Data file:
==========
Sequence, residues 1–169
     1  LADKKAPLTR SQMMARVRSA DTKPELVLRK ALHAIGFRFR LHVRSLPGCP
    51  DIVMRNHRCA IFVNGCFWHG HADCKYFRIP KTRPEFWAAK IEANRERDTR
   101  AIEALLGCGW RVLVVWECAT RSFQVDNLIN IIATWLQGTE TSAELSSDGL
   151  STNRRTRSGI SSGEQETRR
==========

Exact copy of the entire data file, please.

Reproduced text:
Sequence, residues 1–169
     1  LADKKAPLTR SQMMARVRSA DTKPELVLRK ALHAIGFRFR LHVRSLPGCP
    51  DIVMRNHRCA IFVNGCFWHG HADCKYFRIP KTRPEFWAAK IEANRERDTR
   101  AIEALLGCGW RVLVVWECAT RSFQVDNLIN IIATWLQGTE TSAELSSDGL
   151  STNRRTRSGI SSGEQETRR